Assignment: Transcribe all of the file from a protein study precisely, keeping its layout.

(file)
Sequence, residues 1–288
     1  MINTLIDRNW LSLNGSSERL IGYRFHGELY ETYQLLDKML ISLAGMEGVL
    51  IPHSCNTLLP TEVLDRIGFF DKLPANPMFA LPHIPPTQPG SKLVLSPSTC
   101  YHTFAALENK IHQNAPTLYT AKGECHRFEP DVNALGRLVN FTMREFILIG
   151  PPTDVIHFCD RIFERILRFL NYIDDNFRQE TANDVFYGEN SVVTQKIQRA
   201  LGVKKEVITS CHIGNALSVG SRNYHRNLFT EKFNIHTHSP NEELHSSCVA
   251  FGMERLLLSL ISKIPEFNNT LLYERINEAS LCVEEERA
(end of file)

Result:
Sequence, residues 1–288
     1  MINTLIDRNW LSLNGSSERL IGYRFHGELY ETYQLLDKML ISLAGMEGVL
    51  IPHSCNTLLP TEVLDRIGFF DKLPANPMFA LPHIPPTQPG SKLVLSPSTC
   101  YHTFAALENK IHQNAPTLYT AKGECHRFEP DVNALGRLVN FTMREFILIG
   151  PPTDVIHFCD RIFERILRFL NYIDDNFRQE TANDVFYGEN SVVTQKIQRA
   201  LGVKKEVITS CHIGNALSVG SRNYHRNLFT EKFNIHTHSP NEELHSSCVA
   251  FGMERLLLSL ISKIPEFNNT LLYERINEAS LCVEEERA